E85 and Gasoline Mix Burnt Exhaust Valves

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what sort of air filter are you using? Any possibility of dirt(grit) getting into the engine? (that brings up the K&N gauze air filters that I've used but abandoned after elevated silicon reading in UOA). Also: was the automobile bought used? If so, what sort of condition was it into? what mileage? how was the previous owners operate/maintain this vehicle? Additional accumulation of carbon on the intake valve back, if dislodged for whatever reason, jammed on the valve to seat contact surface, will lead to such burn. (*I've dealt with 2 of these engine rebuilts in 2 decades time: both were due to severe owner's neglect*) Q.
 
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Could be burnt then fractured, they didn't get hit by a piston though. This happened at high RPM so the damage was quick. You see this sort of damage on high RPM, nitrous and boosted engines. Burn valves from too little clearance tend to burn around the edges.
 

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Originally Posted By: TiredTrucker
Wow! Considerably different that this engine, a non-flexfuel variety running E85, in a Camaro. http://www.camaros.net/forums/showthread.php?t=143372&highlight=e85+wear+eric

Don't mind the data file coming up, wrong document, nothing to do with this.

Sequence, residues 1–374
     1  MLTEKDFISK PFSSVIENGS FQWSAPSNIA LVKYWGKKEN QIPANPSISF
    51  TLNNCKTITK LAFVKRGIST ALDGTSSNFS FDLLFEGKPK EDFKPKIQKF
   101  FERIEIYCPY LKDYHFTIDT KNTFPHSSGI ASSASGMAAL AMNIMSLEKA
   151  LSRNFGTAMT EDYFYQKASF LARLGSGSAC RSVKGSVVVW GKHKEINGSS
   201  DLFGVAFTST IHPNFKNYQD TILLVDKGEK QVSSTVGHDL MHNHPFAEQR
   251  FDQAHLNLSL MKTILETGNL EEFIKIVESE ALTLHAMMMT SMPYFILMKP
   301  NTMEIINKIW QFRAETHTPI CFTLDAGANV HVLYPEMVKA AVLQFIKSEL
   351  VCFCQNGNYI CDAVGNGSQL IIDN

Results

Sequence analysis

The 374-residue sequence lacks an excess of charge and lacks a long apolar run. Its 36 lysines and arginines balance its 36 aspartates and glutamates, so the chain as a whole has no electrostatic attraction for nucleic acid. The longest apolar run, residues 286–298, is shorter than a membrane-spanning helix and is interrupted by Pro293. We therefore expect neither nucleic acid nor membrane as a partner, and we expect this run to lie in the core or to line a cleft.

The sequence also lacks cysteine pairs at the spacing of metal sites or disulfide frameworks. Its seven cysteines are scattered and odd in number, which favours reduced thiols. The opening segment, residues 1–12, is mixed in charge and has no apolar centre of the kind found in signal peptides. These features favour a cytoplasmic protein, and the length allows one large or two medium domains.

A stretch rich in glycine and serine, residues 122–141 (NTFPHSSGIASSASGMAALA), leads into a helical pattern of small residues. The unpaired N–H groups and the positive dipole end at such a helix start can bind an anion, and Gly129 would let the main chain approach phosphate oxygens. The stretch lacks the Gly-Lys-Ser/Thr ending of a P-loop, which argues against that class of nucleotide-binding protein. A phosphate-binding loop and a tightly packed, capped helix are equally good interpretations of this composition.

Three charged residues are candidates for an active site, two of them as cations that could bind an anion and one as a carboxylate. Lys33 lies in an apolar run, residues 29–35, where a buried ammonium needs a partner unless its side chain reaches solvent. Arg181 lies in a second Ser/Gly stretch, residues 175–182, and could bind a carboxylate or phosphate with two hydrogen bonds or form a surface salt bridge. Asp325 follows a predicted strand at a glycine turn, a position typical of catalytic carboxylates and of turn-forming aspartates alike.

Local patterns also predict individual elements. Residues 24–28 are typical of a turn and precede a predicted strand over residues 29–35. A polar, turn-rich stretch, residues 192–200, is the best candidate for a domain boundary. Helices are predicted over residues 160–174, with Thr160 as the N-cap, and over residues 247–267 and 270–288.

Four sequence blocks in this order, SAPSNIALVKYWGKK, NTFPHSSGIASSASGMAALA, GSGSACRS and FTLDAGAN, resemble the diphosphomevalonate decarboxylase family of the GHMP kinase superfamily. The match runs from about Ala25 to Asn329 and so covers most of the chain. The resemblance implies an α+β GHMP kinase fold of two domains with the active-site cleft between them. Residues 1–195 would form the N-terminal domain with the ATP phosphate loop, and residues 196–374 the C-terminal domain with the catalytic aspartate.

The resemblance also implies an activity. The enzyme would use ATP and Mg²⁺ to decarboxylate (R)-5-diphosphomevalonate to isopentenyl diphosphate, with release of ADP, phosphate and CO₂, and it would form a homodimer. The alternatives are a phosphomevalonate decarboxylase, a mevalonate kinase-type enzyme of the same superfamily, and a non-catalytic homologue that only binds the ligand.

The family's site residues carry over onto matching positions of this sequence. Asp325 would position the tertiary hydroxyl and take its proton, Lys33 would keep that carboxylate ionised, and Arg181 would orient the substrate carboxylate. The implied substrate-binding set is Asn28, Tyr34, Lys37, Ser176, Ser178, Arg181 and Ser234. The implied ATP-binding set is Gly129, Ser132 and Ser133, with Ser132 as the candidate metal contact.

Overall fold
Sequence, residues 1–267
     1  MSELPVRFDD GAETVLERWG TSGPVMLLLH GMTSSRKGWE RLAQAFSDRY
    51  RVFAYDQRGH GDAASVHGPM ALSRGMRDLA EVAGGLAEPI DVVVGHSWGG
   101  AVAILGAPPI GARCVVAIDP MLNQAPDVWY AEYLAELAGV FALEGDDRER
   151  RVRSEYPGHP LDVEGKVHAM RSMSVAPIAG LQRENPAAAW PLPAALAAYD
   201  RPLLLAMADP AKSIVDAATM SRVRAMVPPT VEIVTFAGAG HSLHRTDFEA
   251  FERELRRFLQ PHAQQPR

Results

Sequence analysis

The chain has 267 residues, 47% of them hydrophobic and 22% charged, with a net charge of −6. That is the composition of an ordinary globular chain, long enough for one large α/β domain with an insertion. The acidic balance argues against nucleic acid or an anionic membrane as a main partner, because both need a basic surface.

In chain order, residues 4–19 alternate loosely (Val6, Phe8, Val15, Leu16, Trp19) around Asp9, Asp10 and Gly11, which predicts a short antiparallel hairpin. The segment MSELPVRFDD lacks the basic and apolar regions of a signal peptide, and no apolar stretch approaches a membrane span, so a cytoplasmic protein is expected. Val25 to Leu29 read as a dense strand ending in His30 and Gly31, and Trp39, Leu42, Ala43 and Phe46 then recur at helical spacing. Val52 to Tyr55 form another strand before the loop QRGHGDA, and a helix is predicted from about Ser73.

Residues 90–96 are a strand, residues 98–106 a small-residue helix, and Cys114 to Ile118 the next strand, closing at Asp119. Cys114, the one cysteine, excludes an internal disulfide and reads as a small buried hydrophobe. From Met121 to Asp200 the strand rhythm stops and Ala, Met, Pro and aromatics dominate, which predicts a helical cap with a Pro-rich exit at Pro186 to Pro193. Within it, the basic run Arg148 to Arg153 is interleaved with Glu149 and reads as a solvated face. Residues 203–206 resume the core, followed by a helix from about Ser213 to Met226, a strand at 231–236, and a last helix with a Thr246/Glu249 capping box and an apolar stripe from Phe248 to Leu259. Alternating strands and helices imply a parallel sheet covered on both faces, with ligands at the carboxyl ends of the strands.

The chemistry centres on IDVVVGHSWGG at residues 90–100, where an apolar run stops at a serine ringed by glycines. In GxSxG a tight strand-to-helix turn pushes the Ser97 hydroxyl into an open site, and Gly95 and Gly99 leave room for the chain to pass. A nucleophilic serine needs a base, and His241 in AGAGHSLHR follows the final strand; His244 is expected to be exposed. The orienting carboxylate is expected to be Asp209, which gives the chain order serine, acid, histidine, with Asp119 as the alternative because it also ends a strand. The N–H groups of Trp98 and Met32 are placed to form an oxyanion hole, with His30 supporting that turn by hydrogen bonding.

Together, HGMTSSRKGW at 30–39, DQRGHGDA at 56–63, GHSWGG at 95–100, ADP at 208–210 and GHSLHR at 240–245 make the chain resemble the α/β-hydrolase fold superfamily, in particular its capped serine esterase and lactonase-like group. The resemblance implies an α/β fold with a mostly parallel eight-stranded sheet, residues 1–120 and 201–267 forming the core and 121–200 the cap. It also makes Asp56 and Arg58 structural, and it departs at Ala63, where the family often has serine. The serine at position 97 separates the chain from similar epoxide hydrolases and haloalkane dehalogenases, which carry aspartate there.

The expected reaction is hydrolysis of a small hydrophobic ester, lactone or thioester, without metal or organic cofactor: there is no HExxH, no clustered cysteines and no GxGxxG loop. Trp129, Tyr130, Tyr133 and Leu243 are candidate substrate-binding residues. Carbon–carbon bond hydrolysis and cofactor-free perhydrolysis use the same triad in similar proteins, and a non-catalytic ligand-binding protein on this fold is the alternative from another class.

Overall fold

From that link:
Quote:
BibBlock69RS -- I use an AED 850cfm Holley based E85 carb. Mine was one of the early designs and I have since seen later models that were much closer out of the box (mine needed tweaking -- make sure whatever carb you buy has the idle/transition fuel coming from the main well, NOT the float bowl). Can you get E85 in California now?
So the Camaro was setup for E85. The OP's car was not.
 

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Originally Posted By: Trav
Could be burnt then fractured, they didn't get hit by a piston though. This happened at high RPM so the damage was quick. You see this sort of damage on high RPM, nitrous and boosted engines. Burn valves from too little clearance tend to burn around the edges.
Exactly. A buddy of mine had a mouse chew his injector harness on his Mustang. Engine was a stock '90 5.0L with a 150 shot on it. One cylinder went lean and the valve looked identical to the OP's.
 

zoli

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Thx for all the great comments in this topic. Well, after the refurbishment (new cylinder head, piston rings, rod nearings) it was pulling like a train with 0 oil burning per 6000 miles. Meantime, this car was gifted to my niece as her first car getting practice in the traffic at Budapest.